Based on Teresa Carpenter's Pulitzer Prize-winning story in the Village Voice, Star 80 is one of the grimmest major studio films I can recall, which is saying something considering the film was made and released at a time when serious, cynical dramas were rapidly going out of fashion.  Like Cutter's Way or Mike's Murder, Star 80 is a "'70s movie" that somehow got made in the '80s.  As mentioned, it's a downer and, on top of that, it's a damning critique of Tinseltown and the star-making machinery. With those things in mind, it's not surprising that it was made by Alan Ladd Jr.'s Ladd Company, which, along with Orion Pictures, was one of the beacons of adventurous and uncompromising films in '80s Hollywood.  That such a film was financed and released at the time is also indicative of Fosse's clout, following three Best Director nominations and one win in the previous decade.

Longtime Playboy photographer Mario Casilli (whose subjects included Dorothy Stratten) was responsible for re-creating Stratten's Playboy layouts for the film. 

Star 80 is one of a handful of movies that I remember watching on late night network television when I was an 8 or 9 year-old kid in the guest room at my grandparents' house.  Obviously this is not a children's film and I could not appreciate or comprehend it wholly at that young age.  That said, as with Class of 1984, another film I discovered in much the same way, I watched Star 80 with rapt attention, and I point to it as a formative film for me, one that I think directly led to my longterm interests in character-based drama, more generally, and true crime stories in a more specific sense.

Hef's brother Keith Hefner portrays the photographer who takes the shots that get Dorothy into the Mansion. 

Although Hemingway is top-billed, it's Roberts' Snider that takes center stage and is the film's prime focus.  It's the kind of big, Method-y performance people usually go crazy for and for which awards are handed out...except for the fact that the character he's playing is such a piece of a shit.  Roberts would have other quality leading roles following this film, but I don't know that he could ever totally get out from under the shadow of having played Paul Snider.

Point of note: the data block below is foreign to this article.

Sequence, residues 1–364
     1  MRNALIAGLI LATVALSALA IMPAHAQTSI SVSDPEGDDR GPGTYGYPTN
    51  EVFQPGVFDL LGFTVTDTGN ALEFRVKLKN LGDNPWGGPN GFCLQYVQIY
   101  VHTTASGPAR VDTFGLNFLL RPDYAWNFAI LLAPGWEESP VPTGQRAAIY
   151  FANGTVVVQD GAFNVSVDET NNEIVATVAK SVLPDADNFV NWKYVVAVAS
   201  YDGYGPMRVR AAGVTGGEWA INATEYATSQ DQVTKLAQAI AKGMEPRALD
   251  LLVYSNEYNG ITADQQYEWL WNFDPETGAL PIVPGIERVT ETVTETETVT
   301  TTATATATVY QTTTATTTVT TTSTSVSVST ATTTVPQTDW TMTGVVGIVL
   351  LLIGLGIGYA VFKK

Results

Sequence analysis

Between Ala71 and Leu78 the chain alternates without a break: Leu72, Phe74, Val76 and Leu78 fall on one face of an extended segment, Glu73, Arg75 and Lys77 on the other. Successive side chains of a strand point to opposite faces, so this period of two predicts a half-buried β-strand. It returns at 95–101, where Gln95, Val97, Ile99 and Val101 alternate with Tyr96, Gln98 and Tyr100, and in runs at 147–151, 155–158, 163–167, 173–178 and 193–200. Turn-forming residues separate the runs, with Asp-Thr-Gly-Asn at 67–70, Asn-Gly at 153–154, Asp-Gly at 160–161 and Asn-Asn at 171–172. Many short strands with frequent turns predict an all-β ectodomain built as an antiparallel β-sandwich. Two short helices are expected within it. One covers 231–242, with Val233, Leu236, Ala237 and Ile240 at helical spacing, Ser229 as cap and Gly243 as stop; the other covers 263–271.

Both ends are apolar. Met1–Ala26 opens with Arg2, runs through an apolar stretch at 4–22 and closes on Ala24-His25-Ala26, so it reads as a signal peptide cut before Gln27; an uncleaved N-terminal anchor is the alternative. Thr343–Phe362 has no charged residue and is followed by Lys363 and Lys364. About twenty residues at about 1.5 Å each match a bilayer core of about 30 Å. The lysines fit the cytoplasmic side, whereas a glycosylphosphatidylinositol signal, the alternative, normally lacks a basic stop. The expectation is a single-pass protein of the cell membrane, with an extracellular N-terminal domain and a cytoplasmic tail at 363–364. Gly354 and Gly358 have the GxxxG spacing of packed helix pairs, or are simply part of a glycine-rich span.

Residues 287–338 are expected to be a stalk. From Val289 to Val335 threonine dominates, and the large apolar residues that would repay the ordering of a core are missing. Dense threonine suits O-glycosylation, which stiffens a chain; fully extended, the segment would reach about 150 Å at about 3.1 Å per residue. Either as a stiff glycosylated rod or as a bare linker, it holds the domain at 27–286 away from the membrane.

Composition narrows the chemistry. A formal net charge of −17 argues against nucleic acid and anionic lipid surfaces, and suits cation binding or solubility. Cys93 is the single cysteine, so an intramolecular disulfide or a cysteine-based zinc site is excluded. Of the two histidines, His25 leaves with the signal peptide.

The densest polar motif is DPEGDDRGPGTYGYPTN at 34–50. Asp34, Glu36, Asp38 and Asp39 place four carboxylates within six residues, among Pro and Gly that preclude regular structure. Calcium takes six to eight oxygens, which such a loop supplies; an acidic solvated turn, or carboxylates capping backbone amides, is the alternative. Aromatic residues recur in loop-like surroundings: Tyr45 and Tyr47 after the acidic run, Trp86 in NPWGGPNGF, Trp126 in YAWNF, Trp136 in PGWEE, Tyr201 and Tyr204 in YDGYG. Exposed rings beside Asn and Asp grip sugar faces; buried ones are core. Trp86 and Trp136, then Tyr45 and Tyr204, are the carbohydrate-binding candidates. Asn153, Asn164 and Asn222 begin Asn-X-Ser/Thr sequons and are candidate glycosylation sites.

Mariel Hemingway with Lisa Gordon, playing Dorothy's kid sister Louise, called "Eileen" in the film.  When she was 20, Louise Stratten married Bogdanovich and they remained a couple for 13 years.

Much like Hemingway's prior film, Personal Best, Star 80 is based on very recent events, and both films benefit from the fact that they were made so soon after said events, before their respective milieus had changed too much.  Had Star 80 been made just a couple years later, I think it would've been considerably more difficult to re-create the period-specific details that the film revels in.  At the very least, it would probably have required a significantly higher budget for the art department (which included Academy Award-winner and previous Fosse collaborator Tony Walton). Even if one is not taken too much with the narrative of Star 80, I maintain that anyone with even a fleeting interest in disco-era Hollywood will find the film's textures and pop-culture content (apart from some legally-mandated name changes) riveting.  The art direction is specific enough that I caught a barely-visible (on the standard definition DVD-R, anyway) The In-Laws poster in the background of a 1979 LA street scene.

Hemingway's role in Star 80 has parallels with her previous star vehicle, Robert Towne's Personal Best, in that in both films she plays naive characters not developed or confident enough to extricate themselves from problematic relationships. 

Fosse and his music department (the aforementioned Burns) use Rod Stewart's (and Jorge Ben's) "Da Ya Think I'm Sexy" to perfect effect (I suspect the song was an inspiration to the real-life Snider), as well as the Billy Joel catalog ("Big Shot" and "Just the Way You Are"); the latter artist is also featured prominently and similarly effectively on the Personal Best soundtrack ("Rosalinda's Eyes").

In an inspired bit of casting, Fosse brought in Carroll Baker, whose starring role in Elia Kazan's Baby Doll had made her a sex symbol in the '50s, as Dorothy's "take no bullshit" mother.  Seen here refusing to sign necessary release forms for Dorothy, she is ultimately the film's most redeeming character.

Was the real Dorothy as sweetly naive and innocent and easily manipulated as Hemingway's Dorothy? She was a far from fully formed 20 year-old when she was murdered, so it may not be so far off from reality, but it doesn't completely jibe with other accounts I've seen and heard.  In Fosse's film, she is constantly acted upon, whether by Snider, Hefner (Cliff Robertson), or "Aram Nicholas" (Roger Rees). The film would have been stronger and less one-sided if Fosse had followed Dorothy to New York and shown her growth as an actress, her developing independence, and her love affair with Nicholas (Bogdanovich); however, this would have taken away from his thesis that everyone--Snider, Hefner, Bogdanovich, Playboy, Hollywood--exploited her, benefited from her, and deserved some share of the blame for her demise.  Instead, Fosse stays on Snider to the bitter end, while Dorothy remains a cipher throughout, and the film takes on an increasingly numbing inevitability and ugliness.  To be fair, I'm not sure this material could ever really be terribly revelatory or just would've been better--and more affecting--if Fosse had any interest in making Dorothy a three-dimensional character with agency.